Imagine an old house that is falling apart. It is beginning to slide off the foundation, the electrical wiring is frayed and the plumbing has corroded beyond repair. At this stage in the life of the house, it is better to demolish it than to continue making endless repairs. The cost of replacing fixtures, appliances and internal systems would eventually outweigh the cost of building a new house. A new foundation can then be laid and brick by brick a new house is built. The completed house functions far better and will last longer.
Like endlessly trying to repair an old decrepit house, we sometimes resist necessary and inevitable changes. When life suddenly takes a detour, it can create anxiety and fear. For many, changes like residential moves, change or loss of a job and ending relationships send ripples of terror throughout one’s very being. Some view change as failure while others view it as catastrophic. In reality, change is positive and a sign of an evolving life.
When transitions begin to present themselves in our lives, we can choose how we respond to them. We can embrace change with openness and flexibility or react with rigidity and resistance. If we open our arms to the natural flow of life, we are able to create powerful experiences based on joy and love. New experiences appear to replace what has left. If we are resistant to life’s inevitable turns, the flow continues but we experience things as being ripped away from us. The more we attempt to hold onto things that are passing out of our daily existence, the more we resist the evolution of our own lives and souls.
Beyond our personal lives, we are witnesses to social, economic and political structures that are constantly in flux. The changes are aimed at revising what no longer serves the greater good and the expectation is that something better will replace the old outdated way of doing things. Change can appear chaotic as old structures and relationships dissolve. The wisdom of the universe is not chaos but love and stability. It is our own perception that creates the chaos.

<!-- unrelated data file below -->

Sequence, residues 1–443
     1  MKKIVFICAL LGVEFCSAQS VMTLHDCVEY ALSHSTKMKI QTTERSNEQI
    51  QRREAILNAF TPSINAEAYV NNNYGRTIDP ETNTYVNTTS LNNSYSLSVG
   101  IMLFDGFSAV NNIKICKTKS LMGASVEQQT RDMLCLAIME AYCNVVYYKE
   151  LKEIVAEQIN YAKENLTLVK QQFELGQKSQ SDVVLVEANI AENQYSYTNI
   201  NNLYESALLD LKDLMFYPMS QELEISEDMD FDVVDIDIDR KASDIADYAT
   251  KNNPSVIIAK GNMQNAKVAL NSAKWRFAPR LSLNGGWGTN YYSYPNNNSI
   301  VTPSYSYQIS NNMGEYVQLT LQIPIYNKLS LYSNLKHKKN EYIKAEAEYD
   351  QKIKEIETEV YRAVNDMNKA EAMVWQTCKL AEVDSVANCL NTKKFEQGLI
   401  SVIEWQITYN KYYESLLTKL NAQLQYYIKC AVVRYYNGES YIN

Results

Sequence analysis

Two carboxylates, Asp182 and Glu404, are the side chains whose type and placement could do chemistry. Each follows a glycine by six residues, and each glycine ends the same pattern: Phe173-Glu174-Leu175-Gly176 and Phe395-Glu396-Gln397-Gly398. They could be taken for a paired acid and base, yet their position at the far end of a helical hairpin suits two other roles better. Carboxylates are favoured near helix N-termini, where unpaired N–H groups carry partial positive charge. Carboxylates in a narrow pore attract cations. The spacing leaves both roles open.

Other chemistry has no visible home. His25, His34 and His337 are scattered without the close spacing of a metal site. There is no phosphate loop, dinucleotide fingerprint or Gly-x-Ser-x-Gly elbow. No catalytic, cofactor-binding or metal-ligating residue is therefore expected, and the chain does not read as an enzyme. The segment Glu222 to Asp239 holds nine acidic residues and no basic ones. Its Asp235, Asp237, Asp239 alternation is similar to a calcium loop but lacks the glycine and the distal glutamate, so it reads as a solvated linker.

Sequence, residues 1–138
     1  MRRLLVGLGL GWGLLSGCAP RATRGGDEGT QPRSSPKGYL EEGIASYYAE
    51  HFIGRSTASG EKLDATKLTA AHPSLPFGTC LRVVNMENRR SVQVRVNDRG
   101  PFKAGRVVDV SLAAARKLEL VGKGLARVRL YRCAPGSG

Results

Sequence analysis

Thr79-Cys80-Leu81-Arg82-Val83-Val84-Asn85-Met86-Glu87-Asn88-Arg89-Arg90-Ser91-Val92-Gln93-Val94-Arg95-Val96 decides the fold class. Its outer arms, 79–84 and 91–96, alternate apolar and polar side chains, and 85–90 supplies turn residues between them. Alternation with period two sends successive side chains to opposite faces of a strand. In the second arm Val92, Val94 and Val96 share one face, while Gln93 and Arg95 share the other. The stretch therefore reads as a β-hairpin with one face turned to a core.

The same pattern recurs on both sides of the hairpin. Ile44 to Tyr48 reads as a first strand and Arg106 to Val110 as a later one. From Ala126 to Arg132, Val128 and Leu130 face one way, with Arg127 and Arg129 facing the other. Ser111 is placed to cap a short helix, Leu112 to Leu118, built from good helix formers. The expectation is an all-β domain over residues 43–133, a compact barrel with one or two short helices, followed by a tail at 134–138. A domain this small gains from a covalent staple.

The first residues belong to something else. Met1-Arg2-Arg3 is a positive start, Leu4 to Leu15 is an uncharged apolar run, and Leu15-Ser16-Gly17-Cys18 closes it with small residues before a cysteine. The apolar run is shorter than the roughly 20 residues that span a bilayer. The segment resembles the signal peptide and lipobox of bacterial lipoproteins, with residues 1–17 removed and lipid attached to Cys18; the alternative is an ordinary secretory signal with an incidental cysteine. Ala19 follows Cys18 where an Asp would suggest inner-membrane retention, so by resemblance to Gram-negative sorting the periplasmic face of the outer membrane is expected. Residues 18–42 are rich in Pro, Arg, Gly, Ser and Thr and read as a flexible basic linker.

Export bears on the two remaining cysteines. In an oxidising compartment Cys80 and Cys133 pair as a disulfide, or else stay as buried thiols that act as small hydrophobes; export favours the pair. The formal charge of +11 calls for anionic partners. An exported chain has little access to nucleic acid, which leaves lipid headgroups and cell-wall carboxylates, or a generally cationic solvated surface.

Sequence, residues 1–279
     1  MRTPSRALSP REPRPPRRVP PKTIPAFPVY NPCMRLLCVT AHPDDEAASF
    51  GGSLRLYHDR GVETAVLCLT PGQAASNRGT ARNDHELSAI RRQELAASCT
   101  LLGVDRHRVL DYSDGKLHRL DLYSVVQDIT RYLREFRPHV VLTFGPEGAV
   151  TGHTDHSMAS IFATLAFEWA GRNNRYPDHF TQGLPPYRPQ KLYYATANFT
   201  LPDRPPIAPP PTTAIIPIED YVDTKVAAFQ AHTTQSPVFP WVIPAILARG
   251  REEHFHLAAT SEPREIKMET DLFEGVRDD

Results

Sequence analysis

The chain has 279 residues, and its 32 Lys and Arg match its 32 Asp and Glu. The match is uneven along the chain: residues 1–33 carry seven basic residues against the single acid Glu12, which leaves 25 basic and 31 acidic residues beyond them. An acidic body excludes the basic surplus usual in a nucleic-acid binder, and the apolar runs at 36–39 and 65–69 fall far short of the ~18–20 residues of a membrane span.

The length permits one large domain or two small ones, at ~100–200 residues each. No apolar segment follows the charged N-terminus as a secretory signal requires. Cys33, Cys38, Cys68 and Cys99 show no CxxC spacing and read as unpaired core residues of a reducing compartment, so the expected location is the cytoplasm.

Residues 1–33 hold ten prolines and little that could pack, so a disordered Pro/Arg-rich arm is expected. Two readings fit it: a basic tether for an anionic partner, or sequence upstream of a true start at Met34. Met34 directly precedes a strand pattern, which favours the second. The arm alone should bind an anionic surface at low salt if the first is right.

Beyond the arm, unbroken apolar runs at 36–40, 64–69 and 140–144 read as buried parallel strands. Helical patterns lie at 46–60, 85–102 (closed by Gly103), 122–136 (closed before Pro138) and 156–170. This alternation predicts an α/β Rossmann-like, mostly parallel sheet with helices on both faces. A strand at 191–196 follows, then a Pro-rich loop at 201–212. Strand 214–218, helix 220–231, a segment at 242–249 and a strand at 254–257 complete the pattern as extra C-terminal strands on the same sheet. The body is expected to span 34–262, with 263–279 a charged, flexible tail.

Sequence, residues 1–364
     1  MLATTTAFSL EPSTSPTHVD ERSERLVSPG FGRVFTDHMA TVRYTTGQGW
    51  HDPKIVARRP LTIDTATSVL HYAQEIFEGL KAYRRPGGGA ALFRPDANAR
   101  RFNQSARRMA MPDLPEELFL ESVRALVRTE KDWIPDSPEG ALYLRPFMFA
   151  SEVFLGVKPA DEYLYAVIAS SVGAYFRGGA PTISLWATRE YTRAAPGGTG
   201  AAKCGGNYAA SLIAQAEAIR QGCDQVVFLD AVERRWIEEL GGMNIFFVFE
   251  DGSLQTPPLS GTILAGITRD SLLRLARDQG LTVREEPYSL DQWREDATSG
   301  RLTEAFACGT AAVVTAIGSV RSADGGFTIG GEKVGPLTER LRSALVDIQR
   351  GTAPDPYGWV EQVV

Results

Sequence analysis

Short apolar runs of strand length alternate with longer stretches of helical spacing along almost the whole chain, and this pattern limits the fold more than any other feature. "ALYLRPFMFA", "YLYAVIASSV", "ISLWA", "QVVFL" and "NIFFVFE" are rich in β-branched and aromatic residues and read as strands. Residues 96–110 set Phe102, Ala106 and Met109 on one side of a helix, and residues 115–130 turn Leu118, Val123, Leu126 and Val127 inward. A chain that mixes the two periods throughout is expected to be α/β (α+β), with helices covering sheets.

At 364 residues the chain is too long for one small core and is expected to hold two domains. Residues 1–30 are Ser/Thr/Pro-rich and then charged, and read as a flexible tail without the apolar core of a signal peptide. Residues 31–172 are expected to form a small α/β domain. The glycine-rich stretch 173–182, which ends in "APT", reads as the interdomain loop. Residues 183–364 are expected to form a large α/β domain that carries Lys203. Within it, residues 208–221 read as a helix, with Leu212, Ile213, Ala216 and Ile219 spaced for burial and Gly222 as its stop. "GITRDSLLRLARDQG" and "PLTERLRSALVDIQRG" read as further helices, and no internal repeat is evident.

Many people hold onto relationships that no longer serve their highest good. Even if the relationship is lacking trust, communication, fidelity and love, sometimes we resist the ending for fear nothing new will replace it. When one partner wants to leave and the other holds on, it creates tension and resentment. The relationship will still end, but the partner who was left will feel abandoned and may even hold out hope for a return.
In situations like this, it helps to embrace the house metaphor. The old house is no longer safe to live in and so a new one is built. The end result is a beautiful, safe place to live that provides shelter, warmth and new experiences. Although the old house gave its residents memories and experiences that can never be replaced, it makes no sense to hold onto it when the repairs are more costly than building something new.
Nothing in life can remain static. Nature has cycles. Life has cycles. From birth to death we change, grow and evolve. From year to year we learn new things, master new skills and alter our beliefs. Who you are today is not who you were ten years ago. If you are faced with changes that make you anxious, remember all the things you’ve allowed to change in the past and how your life has been transformed.
If we resisted moving from one classroom to the next as we progress through elementary school, we would not learn anything. Our bodies would grow, but our minds would remain stationary. It makes no sense to repeat kindergarten over and over once we have mastered our ABC’s. As we learn the lessons in grade school, we progress to middle school and then onto high school where we graduate. With each grade we expand, learn new skills and transition to the next level. Life is evolving and so are you. Embrace change, keep moving to the next level and allow life to become a joyful experience.